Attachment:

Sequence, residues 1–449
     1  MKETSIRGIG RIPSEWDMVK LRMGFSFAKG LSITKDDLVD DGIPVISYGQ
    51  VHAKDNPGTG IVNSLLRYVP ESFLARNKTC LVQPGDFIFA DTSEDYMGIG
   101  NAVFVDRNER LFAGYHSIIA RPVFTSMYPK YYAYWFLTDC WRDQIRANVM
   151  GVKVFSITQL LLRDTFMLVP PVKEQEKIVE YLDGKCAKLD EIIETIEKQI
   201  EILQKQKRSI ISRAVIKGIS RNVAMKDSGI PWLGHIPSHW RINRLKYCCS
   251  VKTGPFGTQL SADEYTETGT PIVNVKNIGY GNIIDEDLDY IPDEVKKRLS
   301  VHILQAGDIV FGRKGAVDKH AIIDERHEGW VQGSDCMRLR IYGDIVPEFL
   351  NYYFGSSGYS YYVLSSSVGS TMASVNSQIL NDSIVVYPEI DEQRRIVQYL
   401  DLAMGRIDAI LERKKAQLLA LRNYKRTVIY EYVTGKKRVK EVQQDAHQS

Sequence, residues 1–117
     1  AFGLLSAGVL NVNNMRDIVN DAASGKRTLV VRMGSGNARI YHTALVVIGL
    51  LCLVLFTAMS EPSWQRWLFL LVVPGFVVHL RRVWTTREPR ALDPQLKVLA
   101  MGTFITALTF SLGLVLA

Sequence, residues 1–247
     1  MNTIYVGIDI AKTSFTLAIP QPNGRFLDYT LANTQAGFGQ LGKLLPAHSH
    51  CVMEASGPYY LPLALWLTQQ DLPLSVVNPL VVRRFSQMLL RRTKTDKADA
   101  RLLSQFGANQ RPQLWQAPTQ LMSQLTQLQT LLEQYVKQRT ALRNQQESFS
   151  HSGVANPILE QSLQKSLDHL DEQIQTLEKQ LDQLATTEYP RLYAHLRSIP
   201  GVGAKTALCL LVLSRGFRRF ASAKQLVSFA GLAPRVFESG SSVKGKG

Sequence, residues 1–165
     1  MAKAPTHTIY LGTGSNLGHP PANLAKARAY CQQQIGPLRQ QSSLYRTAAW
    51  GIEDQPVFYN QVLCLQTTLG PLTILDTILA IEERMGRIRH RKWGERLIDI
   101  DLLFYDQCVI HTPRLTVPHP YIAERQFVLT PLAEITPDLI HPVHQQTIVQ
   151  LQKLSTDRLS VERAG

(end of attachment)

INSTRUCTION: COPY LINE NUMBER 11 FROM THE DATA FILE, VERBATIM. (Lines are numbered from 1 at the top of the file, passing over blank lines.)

Sequence, residues 1–117